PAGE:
Some children suffer from asthma episodes during soccer practice. For others, their symptoms flare up in the middle of the night. Whether it happens during play or at rest, it’s difficult for parents to see their children coughing and struggling to breathe or speak.
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These frightening symptoms of childhood asthma can be well controlled, but learning how to best partner with your pediatrician may require time, patience and a lot of good communication. You can help your doctor develop an effective “asthma action plan” with these five tips:
1. Keep detailed records
The best way to develop an effective treatment plan for your child is to come to appointments prepared to talk about your child’s progress, says John Carl, MD, a pediatric pulmonologist at the Cleveland Clinic.
This means being ready to talk about:
- How many times your child has had wheezing episodes
- What triggered the onset of symptoms
- The number of office, urgent care or ER visits, and any hospital stays
- What preventive medications have been taken, and whether there have been problems with consistent dosing – whether it was interrupted either by yourself or changed by another doctor
- How often your child requires rescue medications for treatment of acute symptoms
2. Check your home environment for asthma triggers
Exposure to tobacco smoke before and after birth is a risk factor for childhood asthma. In addition to second-hand smoke, parents should look carefully around their home for anything that could trigger asthma symptoms, including:
- Furry pets – such as dogs, cats, guinea pigs and hamsters – can make it more difficult to control asthma
- Outdoor allergens – such as trees and grasses in spring and weeds and molds in late summer and fall – may trigger seasonal asthma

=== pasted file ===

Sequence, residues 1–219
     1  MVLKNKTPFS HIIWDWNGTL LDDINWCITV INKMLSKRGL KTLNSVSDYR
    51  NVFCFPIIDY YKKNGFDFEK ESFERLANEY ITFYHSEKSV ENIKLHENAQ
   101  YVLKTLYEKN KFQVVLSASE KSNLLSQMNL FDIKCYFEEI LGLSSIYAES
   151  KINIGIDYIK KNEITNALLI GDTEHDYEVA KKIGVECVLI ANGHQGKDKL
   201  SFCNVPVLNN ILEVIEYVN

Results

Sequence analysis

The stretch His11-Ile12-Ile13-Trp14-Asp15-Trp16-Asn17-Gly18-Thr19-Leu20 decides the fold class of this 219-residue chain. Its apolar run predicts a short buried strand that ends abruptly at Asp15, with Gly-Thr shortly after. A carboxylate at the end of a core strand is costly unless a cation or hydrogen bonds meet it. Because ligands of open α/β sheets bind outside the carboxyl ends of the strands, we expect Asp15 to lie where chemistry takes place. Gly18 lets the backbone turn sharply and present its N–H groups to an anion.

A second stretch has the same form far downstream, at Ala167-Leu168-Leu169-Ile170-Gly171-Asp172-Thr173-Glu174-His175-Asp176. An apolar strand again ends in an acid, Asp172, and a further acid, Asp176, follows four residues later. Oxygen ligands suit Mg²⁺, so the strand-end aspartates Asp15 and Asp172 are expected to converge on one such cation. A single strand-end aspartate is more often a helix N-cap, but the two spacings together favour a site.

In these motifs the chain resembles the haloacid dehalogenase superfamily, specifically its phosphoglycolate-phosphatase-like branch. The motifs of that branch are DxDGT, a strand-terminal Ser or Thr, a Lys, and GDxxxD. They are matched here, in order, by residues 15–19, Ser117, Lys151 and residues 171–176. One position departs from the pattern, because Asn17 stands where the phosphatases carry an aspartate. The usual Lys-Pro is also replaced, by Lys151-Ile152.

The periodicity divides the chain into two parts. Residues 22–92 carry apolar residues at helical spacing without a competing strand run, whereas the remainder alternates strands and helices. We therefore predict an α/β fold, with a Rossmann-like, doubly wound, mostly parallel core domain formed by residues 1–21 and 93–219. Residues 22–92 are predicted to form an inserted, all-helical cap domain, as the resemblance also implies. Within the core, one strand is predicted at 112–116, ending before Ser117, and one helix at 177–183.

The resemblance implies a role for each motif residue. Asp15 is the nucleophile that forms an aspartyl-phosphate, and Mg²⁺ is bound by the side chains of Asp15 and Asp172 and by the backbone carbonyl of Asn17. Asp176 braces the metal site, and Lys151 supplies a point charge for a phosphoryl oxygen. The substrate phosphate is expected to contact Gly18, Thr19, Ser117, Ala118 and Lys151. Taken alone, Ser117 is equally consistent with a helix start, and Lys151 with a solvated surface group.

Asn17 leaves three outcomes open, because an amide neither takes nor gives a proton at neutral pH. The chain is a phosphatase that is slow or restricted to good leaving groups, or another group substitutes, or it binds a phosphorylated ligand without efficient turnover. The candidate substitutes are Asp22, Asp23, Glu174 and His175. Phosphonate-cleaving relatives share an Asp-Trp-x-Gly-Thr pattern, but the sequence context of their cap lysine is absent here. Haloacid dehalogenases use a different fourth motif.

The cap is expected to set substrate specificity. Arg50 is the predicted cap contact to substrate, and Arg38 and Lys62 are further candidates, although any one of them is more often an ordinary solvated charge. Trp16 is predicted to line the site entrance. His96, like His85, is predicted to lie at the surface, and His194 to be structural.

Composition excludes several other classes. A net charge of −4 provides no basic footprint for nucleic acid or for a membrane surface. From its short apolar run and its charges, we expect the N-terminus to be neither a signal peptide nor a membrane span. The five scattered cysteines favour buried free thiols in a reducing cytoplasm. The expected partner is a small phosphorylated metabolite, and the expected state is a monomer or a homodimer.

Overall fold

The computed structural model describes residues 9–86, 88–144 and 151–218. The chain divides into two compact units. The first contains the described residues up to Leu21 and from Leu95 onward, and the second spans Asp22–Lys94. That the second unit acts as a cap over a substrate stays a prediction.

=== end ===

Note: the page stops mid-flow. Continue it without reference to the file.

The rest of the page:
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3. Know what tests to request
- Pulmonary (lung) function tests: If you suspect your child as asthma or if symptoms are getting worse, your pediatrician will perform these tests, which require your child to breath into a small instrument called a spirometer. The tests measure how much air the lungs can hold and how fast air moves in and out.
- Asthma control test: This test, available online, allows children and parents to grade their symptoms without the pressure of doing so directly to the doctor. Dr. Carl says it’s a really helpful asthma scorecard. Fill it out before your appointment.
4. Be ready to ask: Why aren’t my child’s symptoms responding?
You need to be ready if your child’s treatment is not working if he or she experiences any of the following:
- Recurrent symptoms
- Frequent courses of oral steroids (from your doctor or ER)
- ER visits or hospitalizations
If your child has required multiple courses of oral steroids, it’s time to talk to your doctor about developing a new preventive treatment plan. Dr. Carl says it’s time for a new plan if:
- Your child’s asthma episodes interrupt daytime play more than twice a week or wake them up at night more than twice a month
- They require lots of albuterol aerosol or inhaler use
5. Be patient with long-term treatments
Preventive – or “controller”– medicines do not immediately relieve symptoms in the same way that rescue inhalers do, but will help if used consistently over the long-term.
Dr. Carl urges parents to make sure their pediatrician fully explains what to expect from each medication so they don’t grow impatient and frustrated if results aren’t immediate. Good communication with your pediatrician is essential for achieving optimal asthma care.
Guide to treatment for asthma